Also, we arbitrarily decided to become arch-rivals with another agency that called themselves Checkm8te and had a chess motif on their identity materials. As far as I can tell, it was entirely one-sided (though one of our classmates told us on Pitch Day that “the biggest competition is between you guys and Checkm8te,” so maybe we eventually willed a rivalry into existence) and for the stupidest reason: we thought of the idea to have a numerical name first, damn it.

(And also, how are you supposed to pronounce that? If it’s supposed to be like “checkmate,” shouldn’t the name be “Checkm8”? You’d pronounce Checkm8te like “checkmatete.” But I digress.)

* * *

When we discovered that our client would be Marshfield Clinic, we were kind of bummed. No offense to Wisconsin’s finest health care provider or anything, but our dreams of free tickets to Europe or limitless booze evaporated, and in its place… a free checkup, perhaps? Or a coupon for 25 percent off a pap smear or something? Alas, there would be no additional prize for winning beyond the standard $100 bonus—a C-note that, it should be noted, would have to be split eight ways. So basically, $12.50 for each of us was on the line.

But it didn’t matter. Ours was a group of competitive people, and we all wanted to win, even if the prize would be barely enough to cover a meal at Chili’s, excluding tip. That’s not unusual; Campaigns was designed to bring out the fighting spirit in even the most indifferent student. What was unusual was that we somehow adopted a team policy that we were a team powered by love.

To wit, here was a set of informal team principles that we wrote, presumably instead of, y’know, actually working:

For the record, we never delivered a presentation drunk. And man, we didn’t like Checkm8te.

It gets even cutesier. This is an actual excerpt from a draft of our team philosophy:

88 Advertising is a group of eight advertising professionals who are smart, creative, dedicated, and driven. And we pretty much love each other, too.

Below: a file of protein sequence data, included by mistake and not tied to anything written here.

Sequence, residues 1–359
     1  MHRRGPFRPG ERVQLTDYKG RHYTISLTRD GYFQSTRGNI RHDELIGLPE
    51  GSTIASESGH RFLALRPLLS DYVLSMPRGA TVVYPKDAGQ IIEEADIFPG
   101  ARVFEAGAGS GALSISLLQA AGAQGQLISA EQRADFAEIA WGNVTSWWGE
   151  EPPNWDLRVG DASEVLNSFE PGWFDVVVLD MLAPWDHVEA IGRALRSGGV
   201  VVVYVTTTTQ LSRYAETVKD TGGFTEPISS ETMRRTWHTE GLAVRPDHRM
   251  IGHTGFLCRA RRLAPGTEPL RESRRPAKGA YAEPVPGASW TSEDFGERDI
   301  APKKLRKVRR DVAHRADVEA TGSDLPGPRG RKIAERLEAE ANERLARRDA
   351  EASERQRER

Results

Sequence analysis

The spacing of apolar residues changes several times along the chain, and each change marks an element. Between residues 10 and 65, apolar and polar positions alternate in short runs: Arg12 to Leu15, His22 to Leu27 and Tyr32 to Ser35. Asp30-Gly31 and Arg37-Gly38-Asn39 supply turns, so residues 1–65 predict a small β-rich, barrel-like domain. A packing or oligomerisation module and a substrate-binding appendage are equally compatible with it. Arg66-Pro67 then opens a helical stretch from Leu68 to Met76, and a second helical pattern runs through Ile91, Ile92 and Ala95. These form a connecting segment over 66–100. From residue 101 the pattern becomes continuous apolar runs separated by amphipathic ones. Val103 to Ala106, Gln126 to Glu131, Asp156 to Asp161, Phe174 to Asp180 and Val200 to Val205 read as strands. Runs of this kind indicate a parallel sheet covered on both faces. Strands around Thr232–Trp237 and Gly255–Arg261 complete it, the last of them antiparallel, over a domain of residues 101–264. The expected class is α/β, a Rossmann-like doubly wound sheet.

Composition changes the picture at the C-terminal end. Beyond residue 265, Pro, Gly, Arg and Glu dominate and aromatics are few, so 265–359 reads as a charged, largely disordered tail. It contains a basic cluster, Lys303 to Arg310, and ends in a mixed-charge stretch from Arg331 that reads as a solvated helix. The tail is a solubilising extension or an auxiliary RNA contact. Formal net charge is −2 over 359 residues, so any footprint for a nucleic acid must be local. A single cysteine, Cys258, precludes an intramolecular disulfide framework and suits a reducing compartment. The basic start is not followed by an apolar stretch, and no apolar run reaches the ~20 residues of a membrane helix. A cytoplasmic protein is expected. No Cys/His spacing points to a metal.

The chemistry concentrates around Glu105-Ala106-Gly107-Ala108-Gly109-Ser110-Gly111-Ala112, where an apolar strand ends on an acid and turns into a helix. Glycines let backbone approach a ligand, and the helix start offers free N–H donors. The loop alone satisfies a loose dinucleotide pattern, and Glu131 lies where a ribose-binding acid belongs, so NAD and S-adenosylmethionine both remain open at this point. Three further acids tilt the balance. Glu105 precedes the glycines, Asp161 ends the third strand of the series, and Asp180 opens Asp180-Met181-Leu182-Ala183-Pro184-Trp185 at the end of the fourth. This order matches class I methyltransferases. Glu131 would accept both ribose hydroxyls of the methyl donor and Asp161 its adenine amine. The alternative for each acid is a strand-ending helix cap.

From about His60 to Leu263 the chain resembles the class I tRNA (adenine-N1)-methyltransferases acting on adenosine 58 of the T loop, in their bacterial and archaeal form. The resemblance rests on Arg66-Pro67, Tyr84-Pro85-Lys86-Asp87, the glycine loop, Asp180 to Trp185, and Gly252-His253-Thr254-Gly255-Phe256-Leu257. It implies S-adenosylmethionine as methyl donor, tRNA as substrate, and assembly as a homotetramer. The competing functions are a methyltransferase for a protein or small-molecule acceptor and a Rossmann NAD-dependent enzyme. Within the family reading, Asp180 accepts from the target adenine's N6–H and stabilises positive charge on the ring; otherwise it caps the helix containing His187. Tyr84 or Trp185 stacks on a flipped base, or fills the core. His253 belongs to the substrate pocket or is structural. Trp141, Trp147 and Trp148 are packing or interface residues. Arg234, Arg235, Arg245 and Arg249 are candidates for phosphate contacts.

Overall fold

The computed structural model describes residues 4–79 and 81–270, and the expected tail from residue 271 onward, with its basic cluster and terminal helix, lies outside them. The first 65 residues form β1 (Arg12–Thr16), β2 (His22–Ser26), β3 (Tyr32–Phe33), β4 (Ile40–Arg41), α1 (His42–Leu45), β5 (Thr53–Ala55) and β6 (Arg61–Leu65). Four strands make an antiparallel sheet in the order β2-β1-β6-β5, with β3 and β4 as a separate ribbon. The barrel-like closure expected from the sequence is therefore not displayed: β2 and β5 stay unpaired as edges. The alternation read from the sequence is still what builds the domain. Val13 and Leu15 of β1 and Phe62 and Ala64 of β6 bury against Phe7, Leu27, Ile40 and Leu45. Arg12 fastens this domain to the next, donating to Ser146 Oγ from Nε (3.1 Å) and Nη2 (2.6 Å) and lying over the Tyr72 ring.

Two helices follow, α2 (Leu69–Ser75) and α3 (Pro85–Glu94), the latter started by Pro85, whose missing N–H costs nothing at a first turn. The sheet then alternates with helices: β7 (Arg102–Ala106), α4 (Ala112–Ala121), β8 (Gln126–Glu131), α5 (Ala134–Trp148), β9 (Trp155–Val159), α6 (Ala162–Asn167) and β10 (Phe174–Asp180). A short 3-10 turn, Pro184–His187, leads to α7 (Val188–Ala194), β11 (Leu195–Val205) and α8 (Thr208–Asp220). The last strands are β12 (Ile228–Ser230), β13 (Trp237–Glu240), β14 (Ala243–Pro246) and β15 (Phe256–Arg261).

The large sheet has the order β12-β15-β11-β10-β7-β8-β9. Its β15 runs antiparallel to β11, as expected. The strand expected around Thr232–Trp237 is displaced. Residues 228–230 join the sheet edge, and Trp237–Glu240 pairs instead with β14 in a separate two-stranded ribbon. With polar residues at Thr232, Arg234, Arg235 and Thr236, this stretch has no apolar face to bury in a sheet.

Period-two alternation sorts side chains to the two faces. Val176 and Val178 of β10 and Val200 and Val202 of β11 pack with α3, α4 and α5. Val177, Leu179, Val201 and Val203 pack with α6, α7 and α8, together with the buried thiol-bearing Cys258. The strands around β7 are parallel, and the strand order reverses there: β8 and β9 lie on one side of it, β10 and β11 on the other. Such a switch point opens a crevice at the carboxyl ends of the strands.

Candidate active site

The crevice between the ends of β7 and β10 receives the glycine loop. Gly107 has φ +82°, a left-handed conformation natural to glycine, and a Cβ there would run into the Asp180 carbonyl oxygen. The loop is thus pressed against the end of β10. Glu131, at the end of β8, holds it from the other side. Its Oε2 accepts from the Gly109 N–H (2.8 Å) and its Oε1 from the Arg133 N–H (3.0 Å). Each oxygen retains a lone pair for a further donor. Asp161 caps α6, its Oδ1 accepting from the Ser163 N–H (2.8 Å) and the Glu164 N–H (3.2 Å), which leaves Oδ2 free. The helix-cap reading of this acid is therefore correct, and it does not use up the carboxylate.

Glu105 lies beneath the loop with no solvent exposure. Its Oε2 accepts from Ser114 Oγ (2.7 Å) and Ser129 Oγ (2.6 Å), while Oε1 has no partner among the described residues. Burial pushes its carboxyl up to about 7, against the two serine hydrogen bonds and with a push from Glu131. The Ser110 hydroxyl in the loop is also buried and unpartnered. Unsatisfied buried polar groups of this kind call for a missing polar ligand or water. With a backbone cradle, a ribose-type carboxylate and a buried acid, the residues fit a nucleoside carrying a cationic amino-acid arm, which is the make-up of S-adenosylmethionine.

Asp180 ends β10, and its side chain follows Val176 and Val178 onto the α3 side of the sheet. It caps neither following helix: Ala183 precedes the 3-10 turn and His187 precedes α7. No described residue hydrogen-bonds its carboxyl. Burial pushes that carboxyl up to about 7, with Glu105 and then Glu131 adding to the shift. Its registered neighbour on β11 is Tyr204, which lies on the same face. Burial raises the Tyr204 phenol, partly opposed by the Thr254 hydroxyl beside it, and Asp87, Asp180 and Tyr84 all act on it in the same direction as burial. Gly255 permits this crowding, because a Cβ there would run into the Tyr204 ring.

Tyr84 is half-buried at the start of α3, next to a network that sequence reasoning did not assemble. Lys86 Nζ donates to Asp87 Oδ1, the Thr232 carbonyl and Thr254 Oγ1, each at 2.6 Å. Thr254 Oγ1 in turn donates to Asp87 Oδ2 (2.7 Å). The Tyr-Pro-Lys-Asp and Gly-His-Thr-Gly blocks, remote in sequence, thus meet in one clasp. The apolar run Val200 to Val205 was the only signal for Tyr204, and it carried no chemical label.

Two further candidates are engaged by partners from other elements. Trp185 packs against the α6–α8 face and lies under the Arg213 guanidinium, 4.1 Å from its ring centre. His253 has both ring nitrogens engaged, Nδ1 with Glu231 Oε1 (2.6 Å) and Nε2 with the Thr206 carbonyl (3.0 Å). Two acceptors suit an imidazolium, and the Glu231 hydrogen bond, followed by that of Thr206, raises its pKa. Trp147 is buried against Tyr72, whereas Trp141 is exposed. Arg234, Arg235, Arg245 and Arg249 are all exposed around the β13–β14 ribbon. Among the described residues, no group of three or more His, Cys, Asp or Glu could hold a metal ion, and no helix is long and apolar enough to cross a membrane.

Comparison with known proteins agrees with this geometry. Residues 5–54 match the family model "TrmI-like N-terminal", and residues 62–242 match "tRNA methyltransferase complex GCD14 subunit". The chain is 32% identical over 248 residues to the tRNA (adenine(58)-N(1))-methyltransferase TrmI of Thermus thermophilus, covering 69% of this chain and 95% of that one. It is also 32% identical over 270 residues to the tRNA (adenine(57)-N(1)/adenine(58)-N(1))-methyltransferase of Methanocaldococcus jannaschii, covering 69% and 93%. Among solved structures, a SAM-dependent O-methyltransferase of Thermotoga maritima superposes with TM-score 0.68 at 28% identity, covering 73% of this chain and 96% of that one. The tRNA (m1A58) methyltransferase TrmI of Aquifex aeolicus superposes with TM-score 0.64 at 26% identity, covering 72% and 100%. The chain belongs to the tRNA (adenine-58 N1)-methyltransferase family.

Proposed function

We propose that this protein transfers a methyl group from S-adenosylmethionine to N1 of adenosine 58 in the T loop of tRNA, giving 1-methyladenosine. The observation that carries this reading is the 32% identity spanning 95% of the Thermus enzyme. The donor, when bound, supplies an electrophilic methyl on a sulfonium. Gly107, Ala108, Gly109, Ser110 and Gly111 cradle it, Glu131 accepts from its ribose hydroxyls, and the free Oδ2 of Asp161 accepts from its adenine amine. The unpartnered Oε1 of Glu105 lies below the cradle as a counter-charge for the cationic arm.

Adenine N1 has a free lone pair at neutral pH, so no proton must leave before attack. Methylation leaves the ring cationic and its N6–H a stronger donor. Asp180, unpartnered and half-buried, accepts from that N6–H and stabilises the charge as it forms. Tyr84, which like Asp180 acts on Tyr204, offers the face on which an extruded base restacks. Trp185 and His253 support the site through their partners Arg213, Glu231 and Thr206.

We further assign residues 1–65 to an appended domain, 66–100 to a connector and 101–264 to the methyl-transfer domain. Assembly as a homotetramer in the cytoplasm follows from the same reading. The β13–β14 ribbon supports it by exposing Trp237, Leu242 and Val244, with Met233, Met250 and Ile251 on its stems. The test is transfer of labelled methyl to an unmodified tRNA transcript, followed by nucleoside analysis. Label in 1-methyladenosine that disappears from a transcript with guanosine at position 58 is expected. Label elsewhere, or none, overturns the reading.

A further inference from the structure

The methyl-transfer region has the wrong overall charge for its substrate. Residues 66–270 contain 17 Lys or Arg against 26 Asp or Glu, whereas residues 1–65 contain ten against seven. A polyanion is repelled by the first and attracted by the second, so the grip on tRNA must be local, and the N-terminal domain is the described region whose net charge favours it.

Dorky? Kind of. Truthful? You bet.

It’s the special kind of love that comes with being around people whom you respect and admire. We all bring something to the table, and we bring out the best in each other. We’re here for each other, and we support each other—even if we’re cringing at each others’ bad jokes, or attempting and failing to give each other high-fives, or scamming free sandals from American Eagle campus reps.

We say, with varying levels of facetiousness, that we’re the most loving team ever. But that’s not just a reflection of our sentimentalism; it’s a reflection of the work we can produce. It’s true that our work is a product of our love, but just as true is that our love is a product of our work: the more we see what we’re capable of, the more we learn about each other’s abilities, and the more time we spend with each other both professionally and personally, the more our affection for each other is affirmed.

Yikes, right?

I remember I had a hand in writing that, and as tongue-in-cheek as that excerpt sounds—especially for us, people who weren’t just “smart, creative, dedicated, and driven” but also at times a bunch of jaded smartasses—I think I was being sincere when I wrote it. It’s not just that I really liked my teammates (that American Eagle aside isn’t a weird joke; we, as a team, scored free footwear from American Eagle by surreptitiously following the campus reps around the Reitz Union North Lawn and pretending to stumble upon the giveaway—seriously, these were my peeps); I wanted to have at least some evidence before graduation that, despite the advertising field’s reputation for being a cutthroat, hypercompetitive, dog-eat-dog field, you could do good work predicated on respect, admiration, and affection for your colleagues.